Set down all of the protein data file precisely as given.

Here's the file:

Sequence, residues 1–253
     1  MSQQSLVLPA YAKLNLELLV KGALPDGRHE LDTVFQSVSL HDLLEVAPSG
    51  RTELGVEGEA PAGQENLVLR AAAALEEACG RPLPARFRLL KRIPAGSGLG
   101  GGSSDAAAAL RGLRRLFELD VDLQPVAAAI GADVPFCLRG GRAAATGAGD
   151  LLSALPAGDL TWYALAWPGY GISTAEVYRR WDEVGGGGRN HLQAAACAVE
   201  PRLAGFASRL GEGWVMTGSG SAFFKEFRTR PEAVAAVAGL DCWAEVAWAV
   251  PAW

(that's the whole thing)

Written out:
Sequence, residues 1–253
     1  MSQQSLVLPA YAKLNLELLV KGALPDGRHE LDTVFQSVSL HDLLEVAPSG
    51  RTELGVEGEA PAGQENLVLR AAAALEEACG RPLPARFRLL KRIPAGSGLG
   101  GGSSDAAAAL RGLRRLFELD VDLQPVAAAI GADVPFCLRG GRAAATGAGD
   151  LLSALPAGDL TWYALAWPGY GISTAEVYRR WDEVGGGGRN HLQAAACAVE
   201  PRLAGFASRL GEGWVMTGSG SAFFKEFRTR PEAVAAVAGL DCWAEVAWAV
   251  PAW